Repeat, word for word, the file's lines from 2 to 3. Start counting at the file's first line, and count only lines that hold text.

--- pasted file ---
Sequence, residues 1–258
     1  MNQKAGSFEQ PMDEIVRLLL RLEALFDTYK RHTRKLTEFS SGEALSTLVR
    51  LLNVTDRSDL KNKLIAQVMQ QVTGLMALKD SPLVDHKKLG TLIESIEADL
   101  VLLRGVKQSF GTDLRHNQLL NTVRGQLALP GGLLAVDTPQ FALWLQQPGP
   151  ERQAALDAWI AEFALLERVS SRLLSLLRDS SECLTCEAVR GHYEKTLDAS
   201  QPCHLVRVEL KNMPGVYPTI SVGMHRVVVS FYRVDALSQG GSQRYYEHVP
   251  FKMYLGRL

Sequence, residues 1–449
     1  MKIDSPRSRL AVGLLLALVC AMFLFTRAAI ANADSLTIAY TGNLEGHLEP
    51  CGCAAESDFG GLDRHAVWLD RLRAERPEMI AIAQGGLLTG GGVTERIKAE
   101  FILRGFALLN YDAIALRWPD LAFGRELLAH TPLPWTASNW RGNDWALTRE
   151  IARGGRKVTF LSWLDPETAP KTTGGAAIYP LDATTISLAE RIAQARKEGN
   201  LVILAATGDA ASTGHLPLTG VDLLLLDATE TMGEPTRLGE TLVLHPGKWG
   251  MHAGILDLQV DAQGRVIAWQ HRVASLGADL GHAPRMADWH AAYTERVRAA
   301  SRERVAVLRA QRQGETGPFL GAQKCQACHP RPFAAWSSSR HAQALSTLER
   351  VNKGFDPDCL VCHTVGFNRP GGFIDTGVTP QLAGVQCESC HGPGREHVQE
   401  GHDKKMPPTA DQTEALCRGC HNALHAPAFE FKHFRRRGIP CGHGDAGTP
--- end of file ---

     1  MNQKAGSFEQ PMDEIVRLLL RLEALFDTYK RHTRKLTEFS SGEALSTLVR
    51  LLNVTDRSDL KNKLIAQVMQ QVTGLMALKD SPLVDHKKLG TLIESIEADL